The genes BRCA1 and BRCA2 account for approximately 20% of the familial risk of breast cancer, leaving 80% to be explained. The COSMIC database developed at the Sanger Institute, Cambridge, UK was created in 2004 to provide free up to the minute genetic data to scientific communities and to prevent the duplication of research. The data in COSMIC has expanded to include data on 538 genes, 124,367 tumours with 23,157 mutations.
So far in genetic research 350 cancer genes have been identified and of these, 311 have a mutation in the somatic cell. Scientists believe that many somatic mutations are caused by a number of things the way that DNA repairs and maintains itself, or past exposure to a harmful substance such as a virus. Alternatively it may be a combination of both.
This for example could explain why some smokers get lung cancer and some don't there must be a combination of faulty gene and harmful exposure to tobacco smoke to activate the cancer cells.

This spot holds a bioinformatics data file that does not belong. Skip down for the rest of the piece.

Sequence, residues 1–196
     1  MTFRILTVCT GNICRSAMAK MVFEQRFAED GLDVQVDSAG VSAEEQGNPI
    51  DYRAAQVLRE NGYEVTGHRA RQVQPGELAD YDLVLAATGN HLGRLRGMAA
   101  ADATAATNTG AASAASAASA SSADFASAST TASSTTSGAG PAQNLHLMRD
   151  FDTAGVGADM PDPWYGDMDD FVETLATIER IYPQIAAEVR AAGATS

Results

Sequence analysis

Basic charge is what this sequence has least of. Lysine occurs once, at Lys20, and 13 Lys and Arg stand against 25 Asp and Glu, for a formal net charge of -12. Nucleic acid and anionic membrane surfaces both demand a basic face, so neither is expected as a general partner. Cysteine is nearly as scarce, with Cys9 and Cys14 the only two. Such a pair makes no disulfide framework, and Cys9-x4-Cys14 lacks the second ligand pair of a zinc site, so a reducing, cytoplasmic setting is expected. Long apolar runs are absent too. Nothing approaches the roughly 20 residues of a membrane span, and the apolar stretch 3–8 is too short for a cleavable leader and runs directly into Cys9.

The challenge for scientists is telling the difference between, say the 28 genes that are frequently mutated, beyond what would be expected by chance and are almost certainly cancer causing genes, and the 180 'bystander' genes which may be coincidentally involved. It's highly likely that some 'bystander' genes may turn out to be damaging as more researchers exploit this extraordinary free collection of data.
The data has been drawn together from the scientific literature on cancer cell lines (including those master lines held by the National Cancer Institute in the US) and tumour biopsy analysis. The information is stored in a standardised fashion to facilitate searching and compilation by anyone not expert in the area. Tissue samples a
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Federation of European Cancer Societies